In feeling and temperament the work of Ravilious is very English. Ravilious, unlike so many Englishmen, does not try to paint as though he were a Frenchman. His work has its roots deeply sunk into the life and the countryside and the culture of England. His water colours are the lineal descendants of the English eighteenth century school of water colour than in its time gave England a brief reign as a country important in the world’s art, a reign that lasted until the French impressionists wrested the sceptre for France, a reign into which, it is felt, England was re-entering at the beginning of this war, through the excellence of the contemporary school of English landscape, of which Ravilious is one of the most important members.

That, because of his very full knowledge of the history and methods of English art and design, he carries on the English tradition, is apparent in his work in any of the media he employs. His wood engravings revive and extend the essential tradition of Thomas Bewick and the English eighteenth century wood engravers. In his water colours he takes up the story where Peter de Wint, Paul Sandy, John White Abbott and their contemporaries left off, and carries it a stage farther, in the life of modern knowledge. Examples of his pottery design that he carried out for Wedgwood can take their place in the Victoria & Albert Museum, among the original products of Josiah as if by hereditary right.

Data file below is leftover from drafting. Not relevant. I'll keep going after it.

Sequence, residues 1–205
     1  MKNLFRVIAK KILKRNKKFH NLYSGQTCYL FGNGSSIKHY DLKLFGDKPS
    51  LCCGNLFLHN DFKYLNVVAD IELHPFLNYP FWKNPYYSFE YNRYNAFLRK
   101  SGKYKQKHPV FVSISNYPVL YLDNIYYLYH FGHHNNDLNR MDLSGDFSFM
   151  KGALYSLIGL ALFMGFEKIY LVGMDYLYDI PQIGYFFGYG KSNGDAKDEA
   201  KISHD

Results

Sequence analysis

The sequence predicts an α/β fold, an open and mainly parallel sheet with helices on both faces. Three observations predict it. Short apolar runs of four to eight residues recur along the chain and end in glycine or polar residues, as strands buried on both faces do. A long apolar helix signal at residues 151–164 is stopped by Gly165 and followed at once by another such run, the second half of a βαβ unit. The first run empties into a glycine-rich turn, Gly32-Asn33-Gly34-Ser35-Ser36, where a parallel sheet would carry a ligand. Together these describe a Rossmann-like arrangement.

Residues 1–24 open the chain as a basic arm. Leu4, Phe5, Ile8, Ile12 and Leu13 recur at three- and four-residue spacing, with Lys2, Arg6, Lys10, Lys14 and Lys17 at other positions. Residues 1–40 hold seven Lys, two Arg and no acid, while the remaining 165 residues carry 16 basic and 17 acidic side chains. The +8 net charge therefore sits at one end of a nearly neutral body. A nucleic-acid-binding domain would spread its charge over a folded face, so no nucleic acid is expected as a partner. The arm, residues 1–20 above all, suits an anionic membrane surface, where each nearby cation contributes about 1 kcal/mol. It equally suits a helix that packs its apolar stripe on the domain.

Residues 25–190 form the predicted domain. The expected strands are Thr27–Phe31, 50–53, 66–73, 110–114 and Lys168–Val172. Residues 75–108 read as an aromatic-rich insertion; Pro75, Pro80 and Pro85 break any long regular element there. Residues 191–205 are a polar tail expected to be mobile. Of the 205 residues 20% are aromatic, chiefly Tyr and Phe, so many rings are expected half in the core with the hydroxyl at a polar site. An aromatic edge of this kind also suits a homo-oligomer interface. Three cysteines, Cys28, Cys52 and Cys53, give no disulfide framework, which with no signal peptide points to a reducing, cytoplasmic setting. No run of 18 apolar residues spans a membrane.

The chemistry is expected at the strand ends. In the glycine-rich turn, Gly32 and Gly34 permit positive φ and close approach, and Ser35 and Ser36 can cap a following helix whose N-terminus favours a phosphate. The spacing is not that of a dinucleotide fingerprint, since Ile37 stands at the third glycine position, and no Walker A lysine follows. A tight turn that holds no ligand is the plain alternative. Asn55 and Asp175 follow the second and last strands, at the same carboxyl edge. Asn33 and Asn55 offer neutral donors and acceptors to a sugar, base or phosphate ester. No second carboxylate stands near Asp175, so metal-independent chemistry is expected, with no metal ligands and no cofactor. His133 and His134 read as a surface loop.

It is not possible to select one or two influences that can be credited with the moulding of Ravilious’s vision. After leaving school in Eastbourne, he attended Eastbourne School of Art, from where he went up to the Royal College of Art, in London. There, under principal-ship of Sir William Rothenstein, he was tutored by some of the most important contemporary artists in the country. Naturally, the powerful influences of such men must have affected his outlook; indeed, they did. In addition he received, asI have said, an exhaustively comprehensive education in art and design, from which soure he derived the solution of those problems of expression that he always seems to face with courage and solve with ingenuity. 

He might easily have been tossed for ears upon a sea of conflicting influences; if so, it happened when he was at the R.C.A., and the process was completed by the time he began his career as a practising artist. At least, no indecision has ever shown itself in the work of his maturity. that he owes something, as all artists, to skilful pilotage, can be safely assumed, but that he emerged with an original style is patently a logical result of his own personal outlook. 

image

 Eric Ravilious – Design for Coronation mug for Edward VIII, 1936.

He is thirty eight, and therefore can be said to have not yet reached the peak of his artistic maturity. As regards his work, whatever the medium he invariable approaches a subject with an open mind and embodies in the work, whether it is a wood engraving, a water colour, ceramics, or fabric design, at least one idea that arises from the needs of that particular job and no other. Of course he refers in his mind as he is thinking it out not only to history but to past works of his own to help in solving the problem of the moment, but he avoids any tendency to repeat successes of the past ad nauseam, giving the same colours, the same subtleties, the same textures and so on, whether or not they are the right ones for the present job. I stress the fact that he does not walk in such a manner because very many artists, both distinguished and otherwise, do so.